Important Bus Business

This is going to add minutes to my life – every time I take the bus. And I have Guardian columnist Tim Dowling’s truculent teenage kids to thank for it.

Disdaining the sorry business of relying on a published timetable and standing frigidly at the bus-stop, Dowling’s offspring, with preternatural anticipation of how the world is supposed to work, informed his father (and this reader) about the Next Bus London app he had on his smartphone.

The what?

A quick Google search later and I realised there is an abundance of these apps (for the iPhone at any rate). Cheapskate that I am I demurred on the Β£1.99 price tag for Next Bus London and opted instead for BusMapper, which is free. Much more my price range.

And two days later we are very happy together. The app knows where I am, knows where the nearest bus stops are and, best of all, knows when the buses are going to show up. I don’t know how it works, GPS or some such nonsense. I don’t care.

But I do care that it works. My morning coffee can be ever so slightly more leisurely because there is less uncertainty in my life. This is a good thing.

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17 Responses to Important Bus Business

  1. Stephen Moss says:

    These things are indeed useful. I invested in BusChecker a few months ago for the princely sum of 69p, and use it every morning to get my son out of the house in time to get to school.

  2. Eva says:

    I might download the free one for the next time I’m in London, too.

    A friend of mine was in the news in Canada for developing a similar thing for Toronto streetcars (streecars = trams, the main mode of surface transport downtown)–need-a-streetcar-there-s-an-app-for-that

    In Cambridge I just have to wait at the bus stop forever. But I usually cycle (much faster!) so I’m not wasting too much time standing in the cold. (Only yesterday, when there was too much slush to cycle)

    • Stephen says:

      I’d read a while ago that these sorts of apps were already working in some other UK cities but hadn’t yet come to London. But now I realise that I was further behind the curve than I thought… Oh well. it’s good to have caught up.

  3. That is very cool indeed. Here in Torontonia we’ve only just recently gotten to the stage of having subway (=”tube”) signs that tell you how many minutes to the next train, so we’ve got a lot of catching up to do. Eva’s friend’s project sounds intriguing though.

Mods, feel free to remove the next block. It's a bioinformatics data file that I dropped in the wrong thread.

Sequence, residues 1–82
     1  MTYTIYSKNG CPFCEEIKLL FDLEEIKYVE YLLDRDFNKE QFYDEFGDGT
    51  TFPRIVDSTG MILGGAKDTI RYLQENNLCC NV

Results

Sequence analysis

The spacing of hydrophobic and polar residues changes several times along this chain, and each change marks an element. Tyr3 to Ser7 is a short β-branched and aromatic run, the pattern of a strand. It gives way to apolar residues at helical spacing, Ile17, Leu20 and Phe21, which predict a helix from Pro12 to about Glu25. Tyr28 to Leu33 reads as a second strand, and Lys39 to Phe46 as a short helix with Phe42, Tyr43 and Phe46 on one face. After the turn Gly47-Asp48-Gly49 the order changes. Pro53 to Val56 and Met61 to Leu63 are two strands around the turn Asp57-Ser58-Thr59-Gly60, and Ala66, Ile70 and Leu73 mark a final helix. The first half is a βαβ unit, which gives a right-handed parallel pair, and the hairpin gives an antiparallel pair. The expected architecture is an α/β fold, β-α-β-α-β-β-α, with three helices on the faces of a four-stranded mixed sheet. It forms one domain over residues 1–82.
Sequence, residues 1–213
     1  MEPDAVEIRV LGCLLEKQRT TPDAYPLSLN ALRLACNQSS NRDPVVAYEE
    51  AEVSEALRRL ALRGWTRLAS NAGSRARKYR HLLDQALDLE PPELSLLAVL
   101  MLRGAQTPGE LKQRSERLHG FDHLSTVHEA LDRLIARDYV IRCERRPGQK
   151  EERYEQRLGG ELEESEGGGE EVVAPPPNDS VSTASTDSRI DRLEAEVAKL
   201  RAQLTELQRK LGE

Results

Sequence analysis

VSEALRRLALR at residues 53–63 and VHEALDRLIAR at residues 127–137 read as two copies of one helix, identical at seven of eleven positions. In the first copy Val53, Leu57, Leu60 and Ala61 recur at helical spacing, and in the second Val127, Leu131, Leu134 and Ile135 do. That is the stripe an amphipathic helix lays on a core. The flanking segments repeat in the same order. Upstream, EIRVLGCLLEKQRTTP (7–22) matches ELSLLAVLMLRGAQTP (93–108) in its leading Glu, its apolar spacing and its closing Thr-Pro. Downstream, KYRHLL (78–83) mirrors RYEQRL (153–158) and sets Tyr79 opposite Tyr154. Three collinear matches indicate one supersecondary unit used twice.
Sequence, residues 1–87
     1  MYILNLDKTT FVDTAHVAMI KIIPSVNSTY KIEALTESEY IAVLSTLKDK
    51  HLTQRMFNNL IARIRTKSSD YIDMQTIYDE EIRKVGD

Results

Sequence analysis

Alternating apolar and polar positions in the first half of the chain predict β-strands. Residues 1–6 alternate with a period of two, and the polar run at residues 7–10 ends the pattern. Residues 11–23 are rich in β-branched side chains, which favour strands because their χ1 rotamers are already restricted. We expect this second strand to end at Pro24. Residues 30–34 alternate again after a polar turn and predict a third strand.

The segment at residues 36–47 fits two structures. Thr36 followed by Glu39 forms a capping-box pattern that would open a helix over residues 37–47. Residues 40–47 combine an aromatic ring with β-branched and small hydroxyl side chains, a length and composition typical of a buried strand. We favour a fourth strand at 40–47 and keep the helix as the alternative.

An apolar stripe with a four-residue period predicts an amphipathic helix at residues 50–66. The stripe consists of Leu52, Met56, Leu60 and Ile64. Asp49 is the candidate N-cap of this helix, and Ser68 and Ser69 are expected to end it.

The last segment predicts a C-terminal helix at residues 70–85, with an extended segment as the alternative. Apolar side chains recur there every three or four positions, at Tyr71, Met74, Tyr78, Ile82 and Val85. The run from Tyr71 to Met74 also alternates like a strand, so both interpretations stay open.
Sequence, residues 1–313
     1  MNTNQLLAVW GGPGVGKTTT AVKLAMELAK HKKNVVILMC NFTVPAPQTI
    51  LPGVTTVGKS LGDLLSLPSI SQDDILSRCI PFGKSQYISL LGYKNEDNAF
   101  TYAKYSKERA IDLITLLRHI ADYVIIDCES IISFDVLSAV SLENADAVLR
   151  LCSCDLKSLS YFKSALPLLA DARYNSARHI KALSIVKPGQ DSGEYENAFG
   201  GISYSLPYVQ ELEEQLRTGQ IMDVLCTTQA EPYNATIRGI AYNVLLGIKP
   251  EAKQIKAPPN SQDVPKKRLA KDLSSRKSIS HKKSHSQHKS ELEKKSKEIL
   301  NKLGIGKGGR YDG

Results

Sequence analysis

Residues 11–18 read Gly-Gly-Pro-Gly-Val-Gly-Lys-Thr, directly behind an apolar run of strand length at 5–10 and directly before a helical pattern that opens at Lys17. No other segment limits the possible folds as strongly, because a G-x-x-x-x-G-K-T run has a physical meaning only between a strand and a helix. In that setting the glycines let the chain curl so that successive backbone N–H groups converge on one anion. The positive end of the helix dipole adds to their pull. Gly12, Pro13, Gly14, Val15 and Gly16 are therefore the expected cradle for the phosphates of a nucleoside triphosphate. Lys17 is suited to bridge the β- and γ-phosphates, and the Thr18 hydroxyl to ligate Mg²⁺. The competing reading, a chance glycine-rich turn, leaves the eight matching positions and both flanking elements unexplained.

• Stephen says:

      Yeah – Richard mentioned above a Tube app for London (Tube Deluxe) that seems to give train arrival times. However, I imagine it doesn’t work where you might want it – in the underground. At the moment there is no 3G down there in London. But at least we have those info boards so I never felt the need for an app for tubes. Buses are different since many stops in London don’t have the arrival time info.

  4. Frank says:

    Stephen – you should follow @londonist to get everything related to London travel. That’s how I first heard about the Countdown system. It isn’t 100% perfect, but still very useful. I still tend to use it too late – I check it at the bus stop or on my way to the bus stop, rather than using it to control what time I leave home/work and thus avoid a long wait.

    I don’t have an app but I also like the TfL web page that shows the departure boards at each tube station.

  5. Carl says:

    those apps are very cool. my girlfriend travels a lot and she wondered how i always knew if her flight was delayed or how i was always got to the airport on time, etc. at first i had her believing i had ESP when it came to airplanes, but eventually i gave in and showed her the air traffic app on my phone.

  6. Cath@VWXYNot? says:

    The Vancouver version is great, too – I have two options to get from my house to work (fast bus then SkyTrain, or slow bus then stinky slow bus), but the fast bus only runs every 15 minutes during weekdays and every half hour or less on weekends and evenings, and it finishes early too. The slow bus runs much more frequently, but is much worse. Being able to see the real-time location (updated every 2 minutes) of all the fast buses really helps with planning my commute!

    On the other hand, the app has really just replaced “WHERE THE F*&$ IS MY BUS?!” rage with “WHY IS MY BUS NOT F*&$ING MOVING?! REFRESH REFRESH REFRESH GAAAAAAAH” rage…

    • Stephen says:

      Try to relax Cath. Take a few deep breaths. πŸ˜‰

      For me the real advantage is in being able to delay my departure from the house till as late as possible. And the illusion of control…

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